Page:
Some employers could be blocked from running a credit history on their employees or potential employees--even if the job involves access to the company’s nonfinancial assets or property--under a bill given a public hearing by the Labor Committee this week.
Current state law grants only very limited circumstances in which an employer can ask an employee or prospective employee to consent to a credit report as a condition of employment.
A bank, for example, may ask to see an employee’s credit history because their customers’ trust in their financial safety is critically important.
And because many other types of occupations give employees access to valuable property, state law also allows a credit inquiry if an employee has access to at least $2,500 in a company’s nonfinancial assets.
HB 6789, however, would change that safeguard.
Although the bill does away with the $2,500 property value threshold, it blocks an employer from inquiring about the credit history of any employee unless the worker has access to a museum or library collection or prescription drugs or pharmaceuticals.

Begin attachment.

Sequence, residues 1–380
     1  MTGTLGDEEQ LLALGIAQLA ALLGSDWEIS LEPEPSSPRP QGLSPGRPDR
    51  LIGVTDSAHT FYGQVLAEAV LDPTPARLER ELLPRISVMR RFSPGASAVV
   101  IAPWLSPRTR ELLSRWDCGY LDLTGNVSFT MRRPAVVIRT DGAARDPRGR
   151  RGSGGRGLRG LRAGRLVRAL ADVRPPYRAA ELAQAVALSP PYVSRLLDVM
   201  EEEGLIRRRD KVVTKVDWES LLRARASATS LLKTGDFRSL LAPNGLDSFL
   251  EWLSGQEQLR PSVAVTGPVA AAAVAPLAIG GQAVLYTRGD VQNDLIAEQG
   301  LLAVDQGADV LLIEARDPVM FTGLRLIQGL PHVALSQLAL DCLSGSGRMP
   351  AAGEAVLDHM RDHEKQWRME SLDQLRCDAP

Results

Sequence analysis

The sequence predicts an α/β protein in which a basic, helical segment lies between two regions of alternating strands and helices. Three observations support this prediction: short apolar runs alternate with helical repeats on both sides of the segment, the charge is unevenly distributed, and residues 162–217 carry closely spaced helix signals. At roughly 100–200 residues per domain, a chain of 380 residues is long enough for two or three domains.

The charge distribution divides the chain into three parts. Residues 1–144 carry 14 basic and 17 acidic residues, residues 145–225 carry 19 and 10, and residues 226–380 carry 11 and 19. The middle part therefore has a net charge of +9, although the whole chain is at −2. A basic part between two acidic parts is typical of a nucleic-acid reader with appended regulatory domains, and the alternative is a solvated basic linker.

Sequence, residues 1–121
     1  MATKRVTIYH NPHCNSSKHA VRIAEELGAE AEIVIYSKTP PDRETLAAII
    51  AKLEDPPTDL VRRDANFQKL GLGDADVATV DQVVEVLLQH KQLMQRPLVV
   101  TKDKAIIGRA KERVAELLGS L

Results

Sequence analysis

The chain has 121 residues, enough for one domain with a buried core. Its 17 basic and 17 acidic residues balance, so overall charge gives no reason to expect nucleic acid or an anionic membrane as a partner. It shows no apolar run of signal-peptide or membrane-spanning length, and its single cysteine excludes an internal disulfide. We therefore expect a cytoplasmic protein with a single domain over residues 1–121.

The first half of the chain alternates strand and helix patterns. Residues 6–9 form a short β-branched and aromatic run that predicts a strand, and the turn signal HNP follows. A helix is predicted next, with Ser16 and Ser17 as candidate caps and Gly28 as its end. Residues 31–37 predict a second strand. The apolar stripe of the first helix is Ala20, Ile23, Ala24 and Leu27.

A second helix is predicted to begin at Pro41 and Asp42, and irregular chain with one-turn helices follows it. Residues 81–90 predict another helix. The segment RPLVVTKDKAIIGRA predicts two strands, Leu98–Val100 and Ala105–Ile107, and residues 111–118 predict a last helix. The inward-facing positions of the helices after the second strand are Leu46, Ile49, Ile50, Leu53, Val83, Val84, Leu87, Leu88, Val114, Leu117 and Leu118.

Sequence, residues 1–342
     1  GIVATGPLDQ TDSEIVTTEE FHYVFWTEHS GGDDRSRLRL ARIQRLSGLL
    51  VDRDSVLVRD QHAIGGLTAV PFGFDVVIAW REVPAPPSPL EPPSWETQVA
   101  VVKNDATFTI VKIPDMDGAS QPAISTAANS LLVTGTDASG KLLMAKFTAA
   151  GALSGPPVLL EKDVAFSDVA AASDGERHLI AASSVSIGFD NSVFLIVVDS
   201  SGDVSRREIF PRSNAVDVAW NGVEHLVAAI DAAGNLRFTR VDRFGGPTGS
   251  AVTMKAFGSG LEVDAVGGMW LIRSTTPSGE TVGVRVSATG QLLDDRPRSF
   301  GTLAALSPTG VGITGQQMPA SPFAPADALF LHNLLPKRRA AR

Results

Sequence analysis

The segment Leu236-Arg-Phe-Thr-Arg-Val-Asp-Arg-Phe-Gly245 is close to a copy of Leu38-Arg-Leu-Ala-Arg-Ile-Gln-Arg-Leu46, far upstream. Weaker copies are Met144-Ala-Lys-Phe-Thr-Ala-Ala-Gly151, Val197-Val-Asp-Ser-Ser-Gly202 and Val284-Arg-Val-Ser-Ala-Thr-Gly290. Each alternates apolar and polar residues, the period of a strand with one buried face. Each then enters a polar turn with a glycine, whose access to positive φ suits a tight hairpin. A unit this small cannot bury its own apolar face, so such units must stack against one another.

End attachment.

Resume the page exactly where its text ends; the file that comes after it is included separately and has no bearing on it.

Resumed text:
The proposed change defies logic and would open many consumers and businesses in Connecticut to potential financial peril.
For example, the bill allows a pharmacy owner to run a credit history on a prospective employee who would have access to $1 worth of prescription drugs. But the jewelry store owner next door would be prohibited from running a credit history on a prospective employee who could have access to millions of dollars worth of store merchandise.
Most employers would have no way to screen the people they hire to handle their valuable merchandise, or have access to other types of nonfinancial assets.
With Connecticut still recovering from the recession and the state having an image of being a difficult place in which to do business, lawmakers shouldn’t erode consumer protections, nor make it harder to do business in Connecticut.